"Well?" Duncan demanded in a low voice, but sharply.
"I am sorry you are making such a mess of everything," was Duncan's quiet reply.
Duncan coolly pulled at his cigar and glanced aft at the rising cloud of squall.
"Are you done?" Duncan asked, his voice low, and tense.
"Save yourself the trouble of further lying," Duncan went on coldly.
There was a pause, during which Duncan went on studying the rising squall, while Captain Dettmar's face worked terribly.
In the center of the little island, a few short and stunted pines had found root, forming a thicket, into which Hawkeye darted with the swiftness of a deer, followed by the active Duncan. Here they secured themselves, as well as circumstances would permit, among the shrubs and fragments of stone that were scattered about the place.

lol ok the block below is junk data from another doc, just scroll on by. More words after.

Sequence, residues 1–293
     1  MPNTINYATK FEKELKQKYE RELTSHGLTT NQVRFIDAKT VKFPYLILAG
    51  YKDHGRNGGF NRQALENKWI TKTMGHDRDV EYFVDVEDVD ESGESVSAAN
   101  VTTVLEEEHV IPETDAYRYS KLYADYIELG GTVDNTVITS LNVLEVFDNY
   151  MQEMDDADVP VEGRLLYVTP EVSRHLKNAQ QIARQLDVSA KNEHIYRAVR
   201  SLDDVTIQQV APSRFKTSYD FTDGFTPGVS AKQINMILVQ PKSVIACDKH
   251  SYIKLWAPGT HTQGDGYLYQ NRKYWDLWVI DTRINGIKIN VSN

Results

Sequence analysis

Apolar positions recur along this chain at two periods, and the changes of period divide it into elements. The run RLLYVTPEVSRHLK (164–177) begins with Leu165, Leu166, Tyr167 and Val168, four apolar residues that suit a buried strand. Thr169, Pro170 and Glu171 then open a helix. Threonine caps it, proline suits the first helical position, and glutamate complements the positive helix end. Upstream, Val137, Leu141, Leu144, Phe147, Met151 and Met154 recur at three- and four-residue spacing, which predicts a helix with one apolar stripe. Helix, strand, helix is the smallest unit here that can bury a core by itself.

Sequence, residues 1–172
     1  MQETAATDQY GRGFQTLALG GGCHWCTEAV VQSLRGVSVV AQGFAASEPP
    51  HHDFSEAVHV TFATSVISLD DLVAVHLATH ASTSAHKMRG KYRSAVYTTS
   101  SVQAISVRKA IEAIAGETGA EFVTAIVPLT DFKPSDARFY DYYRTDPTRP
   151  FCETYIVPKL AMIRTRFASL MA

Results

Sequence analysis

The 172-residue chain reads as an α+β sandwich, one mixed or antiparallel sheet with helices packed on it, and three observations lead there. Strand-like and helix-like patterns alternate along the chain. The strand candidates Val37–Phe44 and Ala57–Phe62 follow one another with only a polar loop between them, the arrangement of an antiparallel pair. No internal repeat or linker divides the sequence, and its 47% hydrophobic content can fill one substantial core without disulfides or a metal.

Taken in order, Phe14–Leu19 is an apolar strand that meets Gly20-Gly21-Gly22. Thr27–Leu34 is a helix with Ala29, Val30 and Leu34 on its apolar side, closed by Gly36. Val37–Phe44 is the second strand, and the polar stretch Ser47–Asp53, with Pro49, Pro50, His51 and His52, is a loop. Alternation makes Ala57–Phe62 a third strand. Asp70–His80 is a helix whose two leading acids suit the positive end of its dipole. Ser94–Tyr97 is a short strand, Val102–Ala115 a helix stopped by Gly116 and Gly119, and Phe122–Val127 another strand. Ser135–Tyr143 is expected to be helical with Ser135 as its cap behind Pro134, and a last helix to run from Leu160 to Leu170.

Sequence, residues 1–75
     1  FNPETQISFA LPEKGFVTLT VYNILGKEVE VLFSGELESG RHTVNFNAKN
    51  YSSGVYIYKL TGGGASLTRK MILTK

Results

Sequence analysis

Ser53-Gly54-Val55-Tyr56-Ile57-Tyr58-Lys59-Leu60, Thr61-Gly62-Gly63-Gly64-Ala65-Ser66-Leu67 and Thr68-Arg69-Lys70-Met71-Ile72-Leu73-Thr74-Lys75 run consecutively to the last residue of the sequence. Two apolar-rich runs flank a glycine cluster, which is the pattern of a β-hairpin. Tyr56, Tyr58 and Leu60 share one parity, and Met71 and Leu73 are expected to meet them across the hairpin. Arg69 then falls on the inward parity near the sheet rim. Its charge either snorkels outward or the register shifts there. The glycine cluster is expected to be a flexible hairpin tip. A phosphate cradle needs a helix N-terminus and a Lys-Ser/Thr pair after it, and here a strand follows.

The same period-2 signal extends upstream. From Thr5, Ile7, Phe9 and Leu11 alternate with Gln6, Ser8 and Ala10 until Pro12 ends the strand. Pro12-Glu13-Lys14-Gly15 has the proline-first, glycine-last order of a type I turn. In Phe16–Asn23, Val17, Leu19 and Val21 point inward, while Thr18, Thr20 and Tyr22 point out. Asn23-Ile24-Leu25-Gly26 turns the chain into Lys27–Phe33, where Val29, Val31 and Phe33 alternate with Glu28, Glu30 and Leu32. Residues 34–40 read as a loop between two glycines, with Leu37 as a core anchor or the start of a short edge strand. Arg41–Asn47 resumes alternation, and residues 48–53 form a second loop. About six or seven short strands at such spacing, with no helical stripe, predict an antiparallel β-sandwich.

A long and anxious watch succeeded, but without any further evidences of a renewed attack; and Duncan began to hope that their fire had proved more fatal than was supposed, and that their enemies had been effectually repulsed.
The first generous impulse of Duncan was to rush to the rescue of the hapless wretch; but he felt himself bound to the spot by the iron grasp of the immovable scout.
Duncan caught glimpses of heads above the scattered drift-wood, as this signal rose on the air, but they disappeared again as suddenly as they had glanced upon his sight.
At the same moment, Duncan found himself engaged with the other, in a similar contest of hand to hand.
Every successive struggle brought them nearer to the verge, where Duncan perceived the final and conquering effort must be made.